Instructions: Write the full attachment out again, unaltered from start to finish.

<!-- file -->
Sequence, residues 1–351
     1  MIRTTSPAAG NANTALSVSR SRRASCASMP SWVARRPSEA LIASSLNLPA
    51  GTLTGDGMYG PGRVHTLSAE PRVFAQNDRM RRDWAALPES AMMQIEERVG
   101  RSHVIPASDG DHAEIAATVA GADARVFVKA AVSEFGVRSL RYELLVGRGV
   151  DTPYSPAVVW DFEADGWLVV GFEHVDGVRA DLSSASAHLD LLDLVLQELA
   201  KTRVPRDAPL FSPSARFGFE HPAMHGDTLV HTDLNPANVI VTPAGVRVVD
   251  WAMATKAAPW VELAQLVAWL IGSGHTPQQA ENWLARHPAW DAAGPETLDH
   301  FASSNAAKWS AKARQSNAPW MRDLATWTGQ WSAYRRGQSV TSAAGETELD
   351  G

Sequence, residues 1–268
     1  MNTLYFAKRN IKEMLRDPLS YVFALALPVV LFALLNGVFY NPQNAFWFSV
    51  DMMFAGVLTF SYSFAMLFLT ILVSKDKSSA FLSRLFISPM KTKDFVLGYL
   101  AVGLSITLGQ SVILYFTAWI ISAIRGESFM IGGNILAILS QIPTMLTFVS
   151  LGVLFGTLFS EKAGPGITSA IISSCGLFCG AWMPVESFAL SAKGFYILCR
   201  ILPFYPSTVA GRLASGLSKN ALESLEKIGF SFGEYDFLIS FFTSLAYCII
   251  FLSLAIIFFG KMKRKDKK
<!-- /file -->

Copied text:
Sequence, residues 1–351
     1  MIRTTSPAAG NANTALSVSR SRRASCASMP SWVARRPSEA LIASSLNLPA
    51  GTLTGDGMYG PGRVHTLSAE PRVFAQNDRM RRDWAALPES AMMQIEERVG
   101  RSHVIPASDG DHAEIAATVA GADARVFVKA AVSEFGVRSL RYELLVGRGV
   151  DTPYSPAVVW DFEADGWLVV GFEHVDGVRA DLSSASAHLD LLDLVLQELA
   201  KTRVPRDAPL FSPSARFGFE HPAMHGDTLV HTDLNPANVI VTPAGVRVVD
   251  WAMATKAAPW VELAQLVAWL IGSGHTPQQA ENWLARHPAW DAAGPETLDH
   301  FASSNAAKWS AKARQSNAPW MRDLATWTGQ WSAYRRGQSV TSAAGETELD
   351  G

Sequence, residues 1–268
     1  MNTLYFAKRN IKEMLRDPLS YVFALALPVV LFALLNGVFY NPQNAFWFSV
    51  DMMFAGVLTF SYSFAMLFLT ILVSKDKSSA FLSRLFISPM KTKDFVLGYL
   101  AVGLSITLGQ SVILYFTAWI ISAIRGESFM IGGNILAILS QIPTMLTFVS
   151  LGVLFGTLFS EKAGPGITSA IISSCGLFCG AWMPVESFAL SAKGFYILCR
   201  ILPFYPSTVA GRLASGLSKN ALESLEKIGF SFGEYDFLIS FFTSLAYCII
   251  FLSLAIIFFG KMKRKDKK